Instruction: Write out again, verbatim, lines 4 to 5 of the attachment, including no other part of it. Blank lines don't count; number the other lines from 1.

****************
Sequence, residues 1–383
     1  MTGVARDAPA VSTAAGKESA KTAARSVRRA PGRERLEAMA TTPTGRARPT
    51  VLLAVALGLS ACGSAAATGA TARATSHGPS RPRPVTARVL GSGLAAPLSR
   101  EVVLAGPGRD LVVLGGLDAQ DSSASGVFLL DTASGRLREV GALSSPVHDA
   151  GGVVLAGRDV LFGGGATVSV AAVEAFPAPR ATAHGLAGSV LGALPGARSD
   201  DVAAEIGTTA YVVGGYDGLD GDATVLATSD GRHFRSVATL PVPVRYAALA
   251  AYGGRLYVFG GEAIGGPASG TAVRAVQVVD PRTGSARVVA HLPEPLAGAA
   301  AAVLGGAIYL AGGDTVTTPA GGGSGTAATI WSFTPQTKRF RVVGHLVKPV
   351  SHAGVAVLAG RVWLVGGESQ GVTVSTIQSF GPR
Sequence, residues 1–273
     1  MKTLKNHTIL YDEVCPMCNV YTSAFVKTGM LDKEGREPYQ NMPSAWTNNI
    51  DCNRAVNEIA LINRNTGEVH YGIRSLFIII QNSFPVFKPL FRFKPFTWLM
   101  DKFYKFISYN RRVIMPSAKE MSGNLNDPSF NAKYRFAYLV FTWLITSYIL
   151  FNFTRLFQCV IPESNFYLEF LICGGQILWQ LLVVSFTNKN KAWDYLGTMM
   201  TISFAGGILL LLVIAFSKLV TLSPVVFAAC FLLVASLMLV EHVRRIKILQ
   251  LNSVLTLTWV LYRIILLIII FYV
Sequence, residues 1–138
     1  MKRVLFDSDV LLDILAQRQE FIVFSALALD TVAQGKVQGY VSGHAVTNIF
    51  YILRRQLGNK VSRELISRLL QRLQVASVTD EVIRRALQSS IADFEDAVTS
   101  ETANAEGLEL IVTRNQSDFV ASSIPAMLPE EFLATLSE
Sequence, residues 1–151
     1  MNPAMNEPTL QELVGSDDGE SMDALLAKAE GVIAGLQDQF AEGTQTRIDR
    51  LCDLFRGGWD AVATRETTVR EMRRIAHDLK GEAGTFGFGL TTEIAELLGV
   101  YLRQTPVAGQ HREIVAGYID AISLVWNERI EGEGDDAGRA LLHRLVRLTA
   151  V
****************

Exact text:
   101  EVVLAGPGRD LVVLGGLDAQ DSSASGVFLL DTASGRLREV GALSSPVHDA
   151  GGVVLAGRDV LFGGGATVSV AAVEAFPAPR ATAHGLAGSV LGALPGARSD